Blackpool in line for new school places as part of government plan to level up education provision

Blackpool is set to be prioritised for new school places, as part of Government plans for thousands of new places across the country, including for children who are living in disadvantaged areas, have special educational needs and disabilities (SEND), or require alternative provision.

By Simon Drury
Friday, 10th June 2022, 9:46 am
Updated Friday, 10th June 2022, 9:47 am

As one of the Government’s 55 Education Investment Areas - the local authorities where outcomes for pupils are currently weakest - Blackpool will be prioritised with a total of 15 new mainstream free schools to open nationally. This will include a targeted number of high-quality, standalone sixth forms, designed to help children from disadvantaged backgrounds fulfil their potential.

The first of a new wave of up to 60 special and alternative provision free schools across England will also begin opening from September 2025, creating approximately 4,500 new places across the country, and boosting choice for parents.

The new alternative provision (AP) schools will help keep those who have been excluded, or are at risk of exclusion, engaged with their education, as well as offering more behaviour and mental health support.

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Thousands of new school places will be created as part of the Government's levelling up agenda.

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These school places build on commitments set out in the government’s recent education reforms, including the Schools and Levelling Up White Papers and the SEND and AP Green Paper, which aim to radically raise the national average attainment in English and maths, with investment and energy focused in areas of the country previously left behind, and to end the postcode lottery in the SEND system.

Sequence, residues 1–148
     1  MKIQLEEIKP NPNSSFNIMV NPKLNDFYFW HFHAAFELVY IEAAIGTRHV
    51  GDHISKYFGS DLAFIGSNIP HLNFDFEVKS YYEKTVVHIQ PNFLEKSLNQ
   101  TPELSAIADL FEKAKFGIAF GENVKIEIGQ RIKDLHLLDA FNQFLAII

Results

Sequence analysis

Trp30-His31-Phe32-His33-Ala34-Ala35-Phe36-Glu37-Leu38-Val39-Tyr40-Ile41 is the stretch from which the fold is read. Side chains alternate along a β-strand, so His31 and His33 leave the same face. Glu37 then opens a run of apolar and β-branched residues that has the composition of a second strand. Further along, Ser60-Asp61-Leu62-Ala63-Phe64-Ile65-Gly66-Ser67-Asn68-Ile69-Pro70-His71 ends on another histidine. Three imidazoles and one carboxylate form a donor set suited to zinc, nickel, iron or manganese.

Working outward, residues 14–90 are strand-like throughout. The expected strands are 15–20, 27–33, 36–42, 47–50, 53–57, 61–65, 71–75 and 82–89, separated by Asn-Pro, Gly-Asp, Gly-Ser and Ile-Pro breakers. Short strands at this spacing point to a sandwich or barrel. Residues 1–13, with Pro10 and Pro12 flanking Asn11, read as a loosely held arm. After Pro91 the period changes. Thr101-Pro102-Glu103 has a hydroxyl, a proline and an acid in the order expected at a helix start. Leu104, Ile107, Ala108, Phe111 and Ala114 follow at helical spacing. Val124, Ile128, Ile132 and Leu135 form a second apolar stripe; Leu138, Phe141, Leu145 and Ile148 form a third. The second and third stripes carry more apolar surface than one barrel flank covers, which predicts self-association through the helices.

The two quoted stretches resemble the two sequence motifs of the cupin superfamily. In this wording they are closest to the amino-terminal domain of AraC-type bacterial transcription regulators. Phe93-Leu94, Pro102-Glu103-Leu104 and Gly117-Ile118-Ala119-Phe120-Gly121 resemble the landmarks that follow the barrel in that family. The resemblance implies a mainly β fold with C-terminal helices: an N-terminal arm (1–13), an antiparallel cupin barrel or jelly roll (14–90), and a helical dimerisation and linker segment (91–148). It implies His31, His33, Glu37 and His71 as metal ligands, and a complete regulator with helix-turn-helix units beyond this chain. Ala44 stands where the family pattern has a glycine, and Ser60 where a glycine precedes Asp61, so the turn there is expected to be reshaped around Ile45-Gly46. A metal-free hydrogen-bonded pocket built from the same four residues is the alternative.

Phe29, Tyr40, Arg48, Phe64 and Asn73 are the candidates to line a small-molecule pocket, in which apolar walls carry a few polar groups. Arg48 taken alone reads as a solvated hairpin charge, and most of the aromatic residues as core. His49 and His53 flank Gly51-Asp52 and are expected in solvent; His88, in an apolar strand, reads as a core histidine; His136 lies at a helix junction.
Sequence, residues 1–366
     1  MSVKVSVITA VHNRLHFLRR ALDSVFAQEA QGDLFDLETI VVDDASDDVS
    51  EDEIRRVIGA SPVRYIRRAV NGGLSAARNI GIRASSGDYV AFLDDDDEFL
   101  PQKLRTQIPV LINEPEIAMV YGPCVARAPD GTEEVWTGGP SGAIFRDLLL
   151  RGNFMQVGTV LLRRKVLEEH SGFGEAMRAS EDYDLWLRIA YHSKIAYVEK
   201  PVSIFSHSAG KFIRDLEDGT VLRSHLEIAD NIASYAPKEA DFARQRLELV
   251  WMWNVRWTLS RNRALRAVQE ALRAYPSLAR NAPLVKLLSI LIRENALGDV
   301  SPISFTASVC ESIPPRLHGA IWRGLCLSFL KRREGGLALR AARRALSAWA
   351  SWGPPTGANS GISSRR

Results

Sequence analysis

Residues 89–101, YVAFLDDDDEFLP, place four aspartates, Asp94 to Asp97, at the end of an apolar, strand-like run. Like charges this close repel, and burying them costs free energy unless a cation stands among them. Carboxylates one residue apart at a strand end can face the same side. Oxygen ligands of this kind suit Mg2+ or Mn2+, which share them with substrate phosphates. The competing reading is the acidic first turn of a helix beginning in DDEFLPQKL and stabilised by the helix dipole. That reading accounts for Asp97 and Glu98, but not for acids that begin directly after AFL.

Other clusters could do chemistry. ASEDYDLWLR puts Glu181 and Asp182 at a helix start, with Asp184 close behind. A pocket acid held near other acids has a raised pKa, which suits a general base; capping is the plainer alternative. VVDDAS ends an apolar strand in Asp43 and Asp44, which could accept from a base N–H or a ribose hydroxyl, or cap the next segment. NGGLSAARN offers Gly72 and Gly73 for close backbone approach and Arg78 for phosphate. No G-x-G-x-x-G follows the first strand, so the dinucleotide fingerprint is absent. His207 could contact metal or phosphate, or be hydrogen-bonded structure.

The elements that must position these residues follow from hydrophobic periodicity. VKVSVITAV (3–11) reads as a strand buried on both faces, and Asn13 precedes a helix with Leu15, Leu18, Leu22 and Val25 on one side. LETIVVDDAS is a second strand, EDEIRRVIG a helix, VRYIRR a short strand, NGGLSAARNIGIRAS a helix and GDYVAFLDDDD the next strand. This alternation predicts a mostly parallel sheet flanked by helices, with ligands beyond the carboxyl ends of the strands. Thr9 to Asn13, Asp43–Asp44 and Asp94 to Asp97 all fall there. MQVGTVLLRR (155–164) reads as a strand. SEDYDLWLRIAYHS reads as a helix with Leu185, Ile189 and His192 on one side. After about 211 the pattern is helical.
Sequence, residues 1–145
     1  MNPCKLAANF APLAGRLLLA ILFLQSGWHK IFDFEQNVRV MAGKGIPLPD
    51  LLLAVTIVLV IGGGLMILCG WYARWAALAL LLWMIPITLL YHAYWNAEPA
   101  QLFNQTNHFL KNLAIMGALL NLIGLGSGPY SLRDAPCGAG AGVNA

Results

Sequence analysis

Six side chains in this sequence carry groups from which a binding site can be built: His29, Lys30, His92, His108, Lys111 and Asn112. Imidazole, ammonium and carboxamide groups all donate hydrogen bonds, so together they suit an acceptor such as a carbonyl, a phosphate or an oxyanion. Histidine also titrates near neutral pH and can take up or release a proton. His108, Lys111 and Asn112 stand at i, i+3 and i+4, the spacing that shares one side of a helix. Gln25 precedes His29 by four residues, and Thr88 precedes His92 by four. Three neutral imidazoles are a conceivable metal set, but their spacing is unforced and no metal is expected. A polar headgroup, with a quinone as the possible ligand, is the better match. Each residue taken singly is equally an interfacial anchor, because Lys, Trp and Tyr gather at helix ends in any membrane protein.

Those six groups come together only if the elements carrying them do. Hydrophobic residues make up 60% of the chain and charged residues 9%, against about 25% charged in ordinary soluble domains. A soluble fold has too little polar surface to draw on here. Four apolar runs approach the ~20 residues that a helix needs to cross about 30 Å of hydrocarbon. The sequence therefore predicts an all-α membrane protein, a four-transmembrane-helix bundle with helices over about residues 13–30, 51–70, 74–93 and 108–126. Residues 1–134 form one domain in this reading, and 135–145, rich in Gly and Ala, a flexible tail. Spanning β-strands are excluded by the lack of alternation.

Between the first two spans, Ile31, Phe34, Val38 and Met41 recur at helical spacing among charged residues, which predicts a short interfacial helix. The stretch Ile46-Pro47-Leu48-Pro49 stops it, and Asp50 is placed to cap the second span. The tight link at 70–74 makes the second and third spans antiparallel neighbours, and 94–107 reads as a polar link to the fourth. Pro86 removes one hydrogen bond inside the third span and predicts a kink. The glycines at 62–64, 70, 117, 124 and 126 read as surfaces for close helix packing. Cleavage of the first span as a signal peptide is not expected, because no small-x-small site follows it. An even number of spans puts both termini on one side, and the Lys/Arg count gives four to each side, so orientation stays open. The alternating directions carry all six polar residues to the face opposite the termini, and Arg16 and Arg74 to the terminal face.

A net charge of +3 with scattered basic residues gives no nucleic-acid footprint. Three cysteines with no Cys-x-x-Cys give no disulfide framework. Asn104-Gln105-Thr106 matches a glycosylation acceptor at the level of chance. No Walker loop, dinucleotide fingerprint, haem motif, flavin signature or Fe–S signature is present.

Through these reforms every young person will be supported to gain the education and skills they need to get a good job and help the economy to continue growing.

Education Secretary Nadhim Zahawi said: “All children have the right to a high-quality education. Parents in Blackpool should feel confident that their local school works for their child, no matter where they live or their ability.

“From mainstream education which can provide for every need, to specialist teachers and equipment in tailored settings, our new schools across the country will continue to make sure that every child, in every corner of the country, gets the support they need to succeed.”

The special schools will offer support for pupils with needs such as autism, severe learning difficulties or social emotional and mental health conditions, and can be built to be more accessible through ceiling hoists, wheelchair ramps and acoustically adapted classrooms.

Julie McCulloch, policy director at the Association of School and College Leaders, said that while headteachers welcomed the creation of new school and sixth form places, “we would urge the Government against creating super-selective standalone sixth forms”.

“As the chair of the Social Mobility Commission, Katharine Birbalsingh, said on Thursday in her inaugural speech, social mobility should not be just about making elite pathways for a few but should work for a wider range of people.

“The danger of super-selective sixth forms is that they will simply take the most academically able young people from existing sixth form provision with consequent damage to those institutions and a demoralising impact on other young people who do not make the cut,” she said.

For Labour, shadow education secretary Bridget Phillipson said: “Ensuring every child can learn in a suitable environment is the minimum we should expect, but after 12 years of Conservative governments the SEND system is broken.”